The Golden Swan

by handwrist

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Ghigigi This album is a distinct blend of rock, jazz, and classical music, nonetheless. The four movements of this album flow together seamlessly. Elements of the Canterbury sound are evident.

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«The compositional aspect of the music is excellent, and it's a shame that this couldn't have been played as intended, with orchestra and the choral section. It is apparent how much better this would have sounded, but at least the listener can hear how well done the music is put together and then imagine a full orchestra and choir doing it all.»


In the context of my discography, this album could probably be seen as a conceptual follow up of the EP Çatalhöyuk, as it also deals with suject matter relating to ancient peoples and civilizations. I wanted it to be a story of the rise and fall of an ancient civilization, and how their story is really the story of all peoples.

The album is divided in four movements but it really is a single piece of music, with themes that show up either entirely or in a distorted form, across the composition, and each movement having different sections.

Some of the musical themes that appear in this album were written as far back as 12 years ago, others are a little younger and others are brand new. All have been subjected to distortions, reinventions and rearrangements.

My original plan for the piece was to have lyrics that told the story and for it to be sang by a choir. Furthermore, I wanted to add an extra layer of logistic complexity by having the choir sing in Basque, a rather minority language. I chose Basque because it's the only language in Europe that predates the indo-european invasion, which gives us some insight into the original peoples of the region.

Sure most wouldn't understand what they were saying, but perhaps you could 'feel' what they were saying anyway and that is more important - every language has its own particular music to it, and the feelings it elicits by simply being uttered is what I was after, not an intellectual appreciation for the text. Otherwise I would have simply sang the lyrics in English myself - but that wouldn't be the same.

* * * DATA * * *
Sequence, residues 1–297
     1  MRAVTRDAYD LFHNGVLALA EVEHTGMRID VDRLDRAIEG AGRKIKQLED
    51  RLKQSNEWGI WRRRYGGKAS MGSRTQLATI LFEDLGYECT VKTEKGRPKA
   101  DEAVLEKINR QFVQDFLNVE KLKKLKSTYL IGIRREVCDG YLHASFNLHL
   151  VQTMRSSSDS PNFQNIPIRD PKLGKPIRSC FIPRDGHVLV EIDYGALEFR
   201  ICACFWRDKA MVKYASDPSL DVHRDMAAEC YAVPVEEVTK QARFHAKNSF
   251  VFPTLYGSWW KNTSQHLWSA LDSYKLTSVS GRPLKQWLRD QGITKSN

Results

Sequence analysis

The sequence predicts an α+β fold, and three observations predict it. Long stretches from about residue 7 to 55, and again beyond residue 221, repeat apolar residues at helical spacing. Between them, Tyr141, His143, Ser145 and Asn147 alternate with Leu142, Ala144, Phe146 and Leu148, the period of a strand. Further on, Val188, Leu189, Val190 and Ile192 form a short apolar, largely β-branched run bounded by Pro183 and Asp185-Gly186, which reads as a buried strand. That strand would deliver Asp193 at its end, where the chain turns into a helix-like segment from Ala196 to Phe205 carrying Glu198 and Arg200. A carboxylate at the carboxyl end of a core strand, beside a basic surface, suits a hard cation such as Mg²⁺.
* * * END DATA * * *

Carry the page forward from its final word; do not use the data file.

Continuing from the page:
It would have been fun wouldn't it? Maybe I can get the Basque regional government to subsidize a future production.

The lines that would have been sang are for now done by other instruments, real or virtual - but mostly virtual. So the same could be said for the orchestration. It was my intention that the MIDI ensemble sound as much as possible like a real human one regardless of the particular style of each section (jazz, rock or classical). It's not always as flawless as I would like, either due to my ineptness or to technical limitations. Since I have only a very limited budget to hire players, I chose to use them for something that MIDI can never replace: improvisation. The remaining 'ensemble', outside of my own performed contributions, is 90% MIDI, and 10% sampled accents or details.

Perhaps one day I will be able to hire musicians and singers to realize the full extent of my vision for this piece. For now, both you and I will have to content ourselves with this version.

I hope you enjoy it and thank you for listening.


Thank you to everyone who helped make this album possible.

Special thanks to my wife for putting up with my obsessive nature.

Dedicated to Machaut, Messiaen, Mingus, Maneige and Magma

For the glory of Christ.



::: VINYL ::: 35$

::: CD ::: 5$



released August 10, 2019

Rui Botelho Rodrigues: Composition, Arrangement,
Mixing, Production, Guitars, Keyboards, Flute, MIDI programming, Sampling, Cover design.

Dima Faustov - Saxophone solo on 1
Matt Giella - Trumpet on 1
Daryush Baraz - Wailing Saxophone solo on 1, Clarinet solo on 4
Iker Mendoza - Clarinet solo on 2, 4;
João Cordeiro - Saxophone solo on 2, 4
Bela Toth - Saxophone solo on 3, 4

The painting on the cover is a detail of a roman fresco.




handwrist Lisbon, Portugal

a composer trying to find the sweet spot between rock, jazz and classical music, from Lisbon, Portugal.

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